TECH

Google Maps: Where Is It Going, And What Data Will You Have To Give Up To Use It?

10/27/2014 04:31 pm 16:31:32 | Updated 27 October 2014

Google has a problem, which is that if you're feeling paranoid, use the right combination of language or just aren't paying attention, its best products sound a bit... sinister.

Take Google Maps. Did you know that if you use Google Maps you may already be sending back data on your walking speed to improve how Google directs pedestrians around cities? (Emphasis added for maximum tabloid outrage).

Did you know that Google knows which restaurants you visit (and review) and will suggest new places to go based on your movements, or that your future travel plans will allow it to give you traffic advice before you knew you needed to leave?

You should do. Google not only makes it clear when you sign up to its products that it's going to do all of those things, but that functionality is, by definition, Google's product. It's what allows it to make something as useful as Google Now or innovative as Inbox - and sell advertising. And it wants more:

"Making the world better for people is about making use of the information we already have more intelligently," Google's geospatial technologist Ed Parsons told HuffPost.

"But there's still much more data we need to collect about all sorts of things."

Unfortunately it's also this sort of stuff that left one Lady O'Cathain, a member of the House of Lords Digital Skills Committee, "horrified" recently after discovering Google Maps nine years after it launched. "I was horrified the other day when I was given a certain website to look at. I could see the roses in my garden," said the baroness, who is charged by parliament with overseeing technology in a 21st century economy. "It was on a Google map or something, and I have no idea how it was taken."

Obviously, she should have done. But she didn't. And if Google wants to take Maps to the next level, and have its users opt-in to those cool, but implicitly worrying services, it will need to resolve this problem.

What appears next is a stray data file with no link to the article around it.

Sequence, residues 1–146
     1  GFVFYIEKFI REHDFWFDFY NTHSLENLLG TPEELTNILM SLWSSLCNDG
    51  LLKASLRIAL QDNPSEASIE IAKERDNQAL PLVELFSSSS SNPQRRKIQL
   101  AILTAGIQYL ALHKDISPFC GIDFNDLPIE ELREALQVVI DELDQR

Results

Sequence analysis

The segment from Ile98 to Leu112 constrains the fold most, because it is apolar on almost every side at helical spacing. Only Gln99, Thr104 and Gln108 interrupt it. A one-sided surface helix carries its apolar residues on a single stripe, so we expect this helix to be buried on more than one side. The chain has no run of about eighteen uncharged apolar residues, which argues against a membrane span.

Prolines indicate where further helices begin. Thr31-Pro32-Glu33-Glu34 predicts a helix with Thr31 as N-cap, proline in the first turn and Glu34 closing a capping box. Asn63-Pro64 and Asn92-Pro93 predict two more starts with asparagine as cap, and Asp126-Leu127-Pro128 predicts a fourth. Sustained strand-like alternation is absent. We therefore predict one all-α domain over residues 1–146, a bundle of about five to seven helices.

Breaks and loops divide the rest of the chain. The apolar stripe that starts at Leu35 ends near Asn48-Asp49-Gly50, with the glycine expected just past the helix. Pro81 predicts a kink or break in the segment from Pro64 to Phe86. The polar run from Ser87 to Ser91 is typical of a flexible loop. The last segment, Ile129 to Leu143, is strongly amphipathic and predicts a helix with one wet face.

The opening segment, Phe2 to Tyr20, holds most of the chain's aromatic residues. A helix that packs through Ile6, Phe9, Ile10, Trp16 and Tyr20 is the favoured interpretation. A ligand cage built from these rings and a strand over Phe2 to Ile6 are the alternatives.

Luckily, Google knows this.

google maps

"We try to be transparent, and say 'this is what we're doing, this is where the information is coming from'," Parsons told HuffPost on the suggestion that the 'creepiness' factor can be a barrier to adoption of Maps' coolest new features.

And let's face it: concern about data generally isn't just paranoia, either. Recent revelations around government internet tracking and use of private 'secret' data have been serious. Every T&C, Service Agreement or 'anonymised' service an already bamboozled user signs up to, the worse this gets.

While not specific or unique to Google, the debate which has emerged has left consumers confused and worried, justifiably, about the potential for intrusion. Or even just for something entirely legal, but creepy, seeping into their lives.

Parsons said Google explicitly asks for permission at every step, to inform on - and counter - those types of worries.

"On Google Now, when you fire up a card you haven't seen before we'll tell you 'this is where the information has come from, this is why we made this visible at this time'. If it's not suitable or doesn't work for you, get rid of it. Having that transparency and the option for the customer to say 'no' is a really good signal for us and we won't show it to them again."

Parsons, who in a previous role he was the first (ever) Chief Technology Officer at the Ordnance Survey, was speaking at an event held by Google to showcase Maps, Google Now and other services designed to keep you in the loop while on the move. Its recent Android Wear announcements (including GPS) are also done in that spirit.

The ultimate vision for Google Maps says Parsons is a personal concierge. A map that knows you implicitly, and knows not only what sort of food you like, but whether you prefer restaurants that open late, serve particular brands of beer or keep their Nest-brand thermometers set to a chilly 19 degrees.

"Ultimately what we want Google Maps to be is someone that's an expert to wherever you're travelling."

"So when you start speaking to your device more, you're asking for directions to places you've not visited before, but then we start to recognise patterns in the sorts of restaurants you might choose or the types of hotel we can make those recommendations to you, and be a bit more personal."

Judging from Google Maps' latest innovations, from providing free satellite imagery to charities to just directing you to interesting lunch spots, the result will probably be a really useful, mobile product that can indeed improve lives. And ultimately, Google Maps will reach fruition when it knows where you want to go before you do.

But there will also be a negotiation involved with its users - and about what you're willing to give up.

"There will be a combination of stuff does passively in the background, and other times where you as an individual want to share information with a fixed circle of friends," said Parsons. "It's not one or the other."

"But there's a whole use of maps that is just about exploring. If we could offer more qualitative, thematic information that would be a direction for us to go in."

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